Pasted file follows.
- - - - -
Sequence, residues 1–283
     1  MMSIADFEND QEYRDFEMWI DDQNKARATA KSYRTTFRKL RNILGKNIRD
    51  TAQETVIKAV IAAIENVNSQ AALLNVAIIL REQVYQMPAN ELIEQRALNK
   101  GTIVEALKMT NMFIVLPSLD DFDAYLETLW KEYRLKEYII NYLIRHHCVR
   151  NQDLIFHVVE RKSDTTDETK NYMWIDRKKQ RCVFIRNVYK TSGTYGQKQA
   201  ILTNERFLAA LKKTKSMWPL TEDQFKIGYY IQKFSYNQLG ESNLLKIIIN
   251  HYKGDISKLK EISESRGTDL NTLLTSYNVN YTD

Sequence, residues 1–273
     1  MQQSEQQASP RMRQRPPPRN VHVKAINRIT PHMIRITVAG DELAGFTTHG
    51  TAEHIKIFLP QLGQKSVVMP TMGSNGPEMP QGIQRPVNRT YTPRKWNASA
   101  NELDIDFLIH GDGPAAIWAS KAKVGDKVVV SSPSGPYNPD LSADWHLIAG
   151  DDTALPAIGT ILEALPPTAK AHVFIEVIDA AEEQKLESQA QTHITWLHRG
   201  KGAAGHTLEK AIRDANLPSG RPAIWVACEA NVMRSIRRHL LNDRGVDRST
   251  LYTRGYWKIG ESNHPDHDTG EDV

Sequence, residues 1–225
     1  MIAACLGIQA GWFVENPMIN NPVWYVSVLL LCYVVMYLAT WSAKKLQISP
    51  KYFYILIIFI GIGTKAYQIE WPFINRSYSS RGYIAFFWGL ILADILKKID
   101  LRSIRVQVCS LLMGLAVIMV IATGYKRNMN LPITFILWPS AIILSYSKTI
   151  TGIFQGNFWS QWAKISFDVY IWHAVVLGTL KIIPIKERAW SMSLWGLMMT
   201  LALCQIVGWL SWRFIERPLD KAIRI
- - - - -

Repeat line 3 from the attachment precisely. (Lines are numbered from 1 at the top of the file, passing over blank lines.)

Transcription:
    51  TAQETVIKAV IAAIENVNSQ AALLNVAIIL REQVYQMPAN ELIEQRALNK